Tech by VICE

Japanese Mt. Gox Customers are SOL on Getting their Bitcoins Back

A Japanese court claims bitcoins are not subject to ownership and thus can’t be returned.

by John Wenz
Aug 7 2015, 3:49pm

Photo: Getty Images

A Mt. Gox customer ran into a dead-end in Tokyo District Court, with a judge deciding that due to their intangible nature and reliance on third parties, the unnamed plaintiff could not demand repayment of 458 bitcoins he stored with the company.

Mt. Gox was a popular Bitcoin exchange until it shuddered suddenly, leaving customers out a total of $473 million USD worth of Bitcoin. Currently, the remaining assets of Mt. Gox are estimated at around $11.5 million, which is being divided up amongst its customers. Most claimants against Mt. Gox have been told to expect "only a fraction" of their investment back, according to Coindesk.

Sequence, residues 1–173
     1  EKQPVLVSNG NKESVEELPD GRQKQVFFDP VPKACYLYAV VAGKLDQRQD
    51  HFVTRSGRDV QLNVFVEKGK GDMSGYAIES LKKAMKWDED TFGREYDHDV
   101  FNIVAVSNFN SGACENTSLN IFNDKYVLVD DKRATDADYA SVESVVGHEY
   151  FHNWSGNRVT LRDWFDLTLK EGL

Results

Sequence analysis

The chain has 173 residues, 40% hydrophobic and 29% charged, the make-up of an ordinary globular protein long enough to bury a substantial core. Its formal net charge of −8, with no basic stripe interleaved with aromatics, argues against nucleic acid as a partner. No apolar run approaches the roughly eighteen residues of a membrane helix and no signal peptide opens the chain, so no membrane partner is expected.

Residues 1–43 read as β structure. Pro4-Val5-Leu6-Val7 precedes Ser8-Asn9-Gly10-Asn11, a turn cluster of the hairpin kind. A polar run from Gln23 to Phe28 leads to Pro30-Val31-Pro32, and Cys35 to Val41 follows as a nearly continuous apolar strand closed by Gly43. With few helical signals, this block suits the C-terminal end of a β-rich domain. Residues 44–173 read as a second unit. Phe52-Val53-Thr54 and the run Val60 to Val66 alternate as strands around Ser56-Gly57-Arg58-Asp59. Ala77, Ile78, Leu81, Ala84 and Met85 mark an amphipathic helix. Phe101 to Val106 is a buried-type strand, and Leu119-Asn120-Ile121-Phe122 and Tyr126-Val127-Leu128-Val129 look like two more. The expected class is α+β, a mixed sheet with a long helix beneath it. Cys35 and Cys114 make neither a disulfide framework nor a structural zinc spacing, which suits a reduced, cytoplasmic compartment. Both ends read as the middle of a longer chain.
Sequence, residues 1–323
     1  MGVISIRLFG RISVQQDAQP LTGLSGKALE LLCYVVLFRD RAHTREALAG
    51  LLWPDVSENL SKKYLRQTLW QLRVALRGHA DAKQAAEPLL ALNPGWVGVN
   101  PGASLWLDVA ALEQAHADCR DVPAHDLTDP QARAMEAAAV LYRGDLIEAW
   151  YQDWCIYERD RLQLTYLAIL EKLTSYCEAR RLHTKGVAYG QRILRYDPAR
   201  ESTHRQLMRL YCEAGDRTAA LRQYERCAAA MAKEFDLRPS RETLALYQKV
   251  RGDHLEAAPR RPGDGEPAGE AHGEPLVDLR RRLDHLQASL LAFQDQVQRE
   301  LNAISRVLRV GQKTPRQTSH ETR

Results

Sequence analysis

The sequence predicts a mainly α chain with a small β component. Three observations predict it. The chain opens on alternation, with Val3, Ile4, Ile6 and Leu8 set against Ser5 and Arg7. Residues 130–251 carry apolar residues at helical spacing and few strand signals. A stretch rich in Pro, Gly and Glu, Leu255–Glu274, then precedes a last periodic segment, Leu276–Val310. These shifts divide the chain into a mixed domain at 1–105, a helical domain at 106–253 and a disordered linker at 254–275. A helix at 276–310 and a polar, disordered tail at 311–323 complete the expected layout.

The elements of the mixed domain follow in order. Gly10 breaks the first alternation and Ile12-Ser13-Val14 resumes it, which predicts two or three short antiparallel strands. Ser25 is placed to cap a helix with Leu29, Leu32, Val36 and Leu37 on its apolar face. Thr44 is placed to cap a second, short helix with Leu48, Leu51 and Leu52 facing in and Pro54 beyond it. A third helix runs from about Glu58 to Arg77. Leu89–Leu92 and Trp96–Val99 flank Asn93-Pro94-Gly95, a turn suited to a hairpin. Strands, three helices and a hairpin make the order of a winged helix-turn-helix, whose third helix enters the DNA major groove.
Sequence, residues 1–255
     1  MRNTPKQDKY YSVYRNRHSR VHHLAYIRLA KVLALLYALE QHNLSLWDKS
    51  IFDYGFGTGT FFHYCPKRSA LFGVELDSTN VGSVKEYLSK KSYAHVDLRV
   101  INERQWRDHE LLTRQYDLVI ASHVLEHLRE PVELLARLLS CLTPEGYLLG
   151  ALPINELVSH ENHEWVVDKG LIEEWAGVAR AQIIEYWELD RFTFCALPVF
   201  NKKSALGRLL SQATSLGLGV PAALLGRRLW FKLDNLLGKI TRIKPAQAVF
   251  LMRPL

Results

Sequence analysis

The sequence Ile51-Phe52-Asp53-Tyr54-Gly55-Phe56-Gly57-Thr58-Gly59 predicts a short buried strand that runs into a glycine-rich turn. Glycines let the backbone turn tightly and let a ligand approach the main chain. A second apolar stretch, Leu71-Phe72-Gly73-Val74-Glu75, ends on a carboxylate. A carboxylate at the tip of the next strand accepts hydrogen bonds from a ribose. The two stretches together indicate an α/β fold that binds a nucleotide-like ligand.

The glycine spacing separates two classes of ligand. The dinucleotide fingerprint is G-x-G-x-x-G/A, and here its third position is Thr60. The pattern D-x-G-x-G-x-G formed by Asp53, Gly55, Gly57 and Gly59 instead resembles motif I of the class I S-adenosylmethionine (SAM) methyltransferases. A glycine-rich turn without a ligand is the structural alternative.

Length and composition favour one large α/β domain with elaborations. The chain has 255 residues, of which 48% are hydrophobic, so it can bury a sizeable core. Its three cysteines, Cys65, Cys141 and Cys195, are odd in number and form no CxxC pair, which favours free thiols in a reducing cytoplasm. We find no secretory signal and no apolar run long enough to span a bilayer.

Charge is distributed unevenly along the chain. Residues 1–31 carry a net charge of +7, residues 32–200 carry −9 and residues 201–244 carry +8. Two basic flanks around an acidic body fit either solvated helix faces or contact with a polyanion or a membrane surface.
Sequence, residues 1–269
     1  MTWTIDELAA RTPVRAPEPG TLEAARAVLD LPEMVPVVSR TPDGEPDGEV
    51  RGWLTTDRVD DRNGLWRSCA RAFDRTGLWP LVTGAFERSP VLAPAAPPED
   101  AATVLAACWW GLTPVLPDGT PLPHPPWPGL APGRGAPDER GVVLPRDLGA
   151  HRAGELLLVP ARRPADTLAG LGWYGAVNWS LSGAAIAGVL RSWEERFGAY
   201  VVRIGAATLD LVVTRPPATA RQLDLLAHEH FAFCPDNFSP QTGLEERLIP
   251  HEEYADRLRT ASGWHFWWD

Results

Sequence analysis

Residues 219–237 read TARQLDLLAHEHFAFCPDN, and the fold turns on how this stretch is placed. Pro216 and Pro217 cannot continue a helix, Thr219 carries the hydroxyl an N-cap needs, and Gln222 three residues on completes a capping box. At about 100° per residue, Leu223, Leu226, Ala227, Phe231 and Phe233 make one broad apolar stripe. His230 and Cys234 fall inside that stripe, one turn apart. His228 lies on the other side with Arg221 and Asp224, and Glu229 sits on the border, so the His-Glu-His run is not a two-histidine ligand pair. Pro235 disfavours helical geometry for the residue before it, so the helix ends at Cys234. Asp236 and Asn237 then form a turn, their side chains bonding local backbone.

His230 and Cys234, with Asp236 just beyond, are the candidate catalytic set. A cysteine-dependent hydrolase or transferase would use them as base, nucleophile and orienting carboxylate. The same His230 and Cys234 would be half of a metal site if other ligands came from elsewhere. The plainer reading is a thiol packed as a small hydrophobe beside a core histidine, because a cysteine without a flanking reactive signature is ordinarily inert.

Given the international scope of the Bitcoin exchange, other lawsuits may have different outcomes internationally. But for Japanese customers, this is a huge setback, and reflects a potential way cryptocurrency may be handled in the Japanese legal system.

Mt. Gox CEO Mark Karpeles was arrested this week on charges that he embezzled funds from the exchange. "We learned that Mark only had one bank account, shared with Mt Gox's customer deposits," Ashley Barr, a former Mt. Gox employee, told Reddit. "That was the nail in the coffin."